NEW YORK — Claude Cheysson, who as an outspoken foreign minister in the socialist government of François Mitterrand in the 1980s barreled into difficult issues with often undiplomatic zeal, died Oct. 15 in Paris. He was 92.
President Francois Hollande called him ‘‘a great servant of the state and a passionate and lucid politician.’’
Mitterrand became France’s first leftist chief of state in almost 25 years in 1981. When he appointed four Communists to government posts, it was Mr. Cheysson’s job to reassure the newly installed Reagan administration. ‘‘France is France,’’ he said in an interview with The New York Times. ‘‘She honors her signature.’’
Mr. Cheysson, who was viewed as a moderate, was reported to be a candidate for prime minister if Mitterrand’s opponent, Valery Giscard d’Estaing, the incumbent, won reelection. Under the French system, the president exercises top authority, while the prime minister handles day-to-day affairs.
When it came to expressing his views, Mr. Cheysson was frank. He was pleased to say that he often heard Mitterrand call him the ‘‘least diplomatic of all the diplomatic corps.’’
He called President Augusto Pinochet of Chile ‘‘a curse on his people’’ and said Soviet leader Yuri Andropov was ‘‘lacking in human warmth.’’ When President Anwar Sadat of Egypt was killed, Mr. Cheysson said the death removed ‘‘an obstacle to rapprochement within the Arab nation.’’
Mr. Cheysson’s outspokenness could put him at odds with his boss. When Britain went to war to defend the Falkland Islands against Argentine claims, Mr. Cheysson demanded that France side with Argentina against what he saw as British colonialism. But Mitterrand countermanded him, saying Britain supported France in two world wars and that it was France’s duty to help Britain.
In the Middle East, Mr. Cheysson scolded Israel for violating UN resolutions and the Palestine Liberation Organization for relying on violence. He said that developed nations must provide ‘‘tens of billions of dollars’’ to the Third World, an idea the US secretary of state, Alexander M. Haig Jr., called unrealistic. George P. Shultz, Haig’s successor, said dealing with Mr. Cheysson was ‘‘aggravating.’’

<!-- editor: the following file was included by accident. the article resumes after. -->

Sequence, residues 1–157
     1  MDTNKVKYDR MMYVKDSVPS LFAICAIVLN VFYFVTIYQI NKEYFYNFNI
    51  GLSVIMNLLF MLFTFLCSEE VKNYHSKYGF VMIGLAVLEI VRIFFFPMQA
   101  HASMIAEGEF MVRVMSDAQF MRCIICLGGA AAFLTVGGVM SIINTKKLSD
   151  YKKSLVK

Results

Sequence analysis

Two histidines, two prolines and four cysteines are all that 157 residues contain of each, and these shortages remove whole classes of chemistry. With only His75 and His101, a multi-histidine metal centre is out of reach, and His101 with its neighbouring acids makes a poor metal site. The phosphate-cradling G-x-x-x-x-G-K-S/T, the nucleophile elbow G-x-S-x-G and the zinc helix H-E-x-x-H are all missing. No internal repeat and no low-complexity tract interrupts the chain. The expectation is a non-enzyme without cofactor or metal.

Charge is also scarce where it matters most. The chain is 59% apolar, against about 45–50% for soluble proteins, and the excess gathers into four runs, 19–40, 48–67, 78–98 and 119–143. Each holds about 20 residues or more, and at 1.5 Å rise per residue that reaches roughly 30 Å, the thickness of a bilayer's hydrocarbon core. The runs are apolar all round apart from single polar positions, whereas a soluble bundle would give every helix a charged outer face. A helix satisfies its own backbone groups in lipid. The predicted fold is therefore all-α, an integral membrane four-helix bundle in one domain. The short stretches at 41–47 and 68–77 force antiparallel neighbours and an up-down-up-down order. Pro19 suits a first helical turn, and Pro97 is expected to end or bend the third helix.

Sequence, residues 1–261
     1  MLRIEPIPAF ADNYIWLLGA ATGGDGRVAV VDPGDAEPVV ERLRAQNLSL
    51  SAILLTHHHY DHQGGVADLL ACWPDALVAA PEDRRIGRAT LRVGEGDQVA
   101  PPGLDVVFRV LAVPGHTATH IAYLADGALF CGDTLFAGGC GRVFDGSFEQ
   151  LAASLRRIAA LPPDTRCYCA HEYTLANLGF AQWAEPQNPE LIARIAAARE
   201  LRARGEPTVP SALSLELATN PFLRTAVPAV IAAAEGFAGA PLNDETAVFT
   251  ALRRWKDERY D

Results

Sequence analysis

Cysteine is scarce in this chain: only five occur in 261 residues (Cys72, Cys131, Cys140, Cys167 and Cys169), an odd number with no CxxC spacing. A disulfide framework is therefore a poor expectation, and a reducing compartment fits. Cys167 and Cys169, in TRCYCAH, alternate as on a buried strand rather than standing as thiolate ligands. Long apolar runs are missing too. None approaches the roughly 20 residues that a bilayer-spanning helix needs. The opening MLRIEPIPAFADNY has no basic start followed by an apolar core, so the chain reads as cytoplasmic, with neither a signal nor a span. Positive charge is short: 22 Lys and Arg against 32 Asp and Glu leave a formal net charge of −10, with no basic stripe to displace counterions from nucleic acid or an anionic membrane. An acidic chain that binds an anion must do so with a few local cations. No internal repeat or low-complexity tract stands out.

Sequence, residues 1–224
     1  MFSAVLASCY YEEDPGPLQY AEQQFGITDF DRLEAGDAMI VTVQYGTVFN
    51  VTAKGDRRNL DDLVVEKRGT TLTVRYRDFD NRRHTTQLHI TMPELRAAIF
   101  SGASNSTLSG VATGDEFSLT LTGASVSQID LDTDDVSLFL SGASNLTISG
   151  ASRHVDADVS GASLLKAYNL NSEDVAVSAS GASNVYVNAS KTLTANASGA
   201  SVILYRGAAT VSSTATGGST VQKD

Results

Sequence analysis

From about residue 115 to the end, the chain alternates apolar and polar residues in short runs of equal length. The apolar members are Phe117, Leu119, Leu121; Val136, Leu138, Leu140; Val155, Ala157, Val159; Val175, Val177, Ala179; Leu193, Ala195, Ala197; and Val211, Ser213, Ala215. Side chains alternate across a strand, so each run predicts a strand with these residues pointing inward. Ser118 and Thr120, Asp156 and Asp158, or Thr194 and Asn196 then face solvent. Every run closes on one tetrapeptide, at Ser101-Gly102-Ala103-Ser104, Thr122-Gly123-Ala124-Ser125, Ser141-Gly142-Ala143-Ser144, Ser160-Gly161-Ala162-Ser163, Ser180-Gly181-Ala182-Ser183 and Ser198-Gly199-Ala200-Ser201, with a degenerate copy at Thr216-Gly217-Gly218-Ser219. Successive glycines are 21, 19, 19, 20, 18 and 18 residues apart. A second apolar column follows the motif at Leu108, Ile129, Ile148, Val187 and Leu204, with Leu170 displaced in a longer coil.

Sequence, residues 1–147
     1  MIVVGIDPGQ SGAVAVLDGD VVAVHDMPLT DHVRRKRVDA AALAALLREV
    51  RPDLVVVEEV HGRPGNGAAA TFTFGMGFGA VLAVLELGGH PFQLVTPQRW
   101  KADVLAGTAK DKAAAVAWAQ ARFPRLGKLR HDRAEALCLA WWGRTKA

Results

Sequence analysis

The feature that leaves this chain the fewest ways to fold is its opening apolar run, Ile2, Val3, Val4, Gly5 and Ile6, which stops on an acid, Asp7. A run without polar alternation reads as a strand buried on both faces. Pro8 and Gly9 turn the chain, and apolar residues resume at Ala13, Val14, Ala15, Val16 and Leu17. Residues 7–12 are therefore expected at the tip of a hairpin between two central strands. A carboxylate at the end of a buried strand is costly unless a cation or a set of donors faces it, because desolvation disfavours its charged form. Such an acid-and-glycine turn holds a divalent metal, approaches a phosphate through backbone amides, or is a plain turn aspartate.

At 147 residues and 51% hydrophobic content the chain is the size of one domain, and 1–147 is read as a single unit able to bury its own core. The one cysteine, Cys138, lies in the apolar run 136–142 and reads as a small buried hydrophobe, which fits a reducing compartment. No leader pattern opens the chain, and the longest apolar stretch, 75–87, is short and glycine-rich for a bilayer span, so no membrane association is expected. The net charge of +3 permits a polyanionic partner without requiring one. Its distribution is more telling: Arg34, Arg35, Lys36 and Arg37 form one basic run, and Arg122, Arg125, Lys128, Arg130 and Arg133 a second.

Mr. Cheysson was born in Paris, graduated from Ecole Polytechnique and Ecole Nationale d’Administration, and fought against the Nazis in North Africa. He rose through a succession of diplomatic and governmental posts.
He was a member of the European Commission, the executive body of the European Union, from 1973 to 1981 and again from 1985 to 1989. He then served as a Socialist member of the European Parliament until 1994.
Mr. Cheysson leaves his third wife, Daniele, three sons, and three daughters, the British newspaper The Guardian reported.
Mr. Cheysson did not lack that French quality of honneur that some Americans interpret as superciliousness. In answer to Washington’s worries about Communists in the French government, he said in a radio interview, ‘‘It is possible the Americans’ analysis is not precise enough for them to understand that the situation in France is quite unique.’’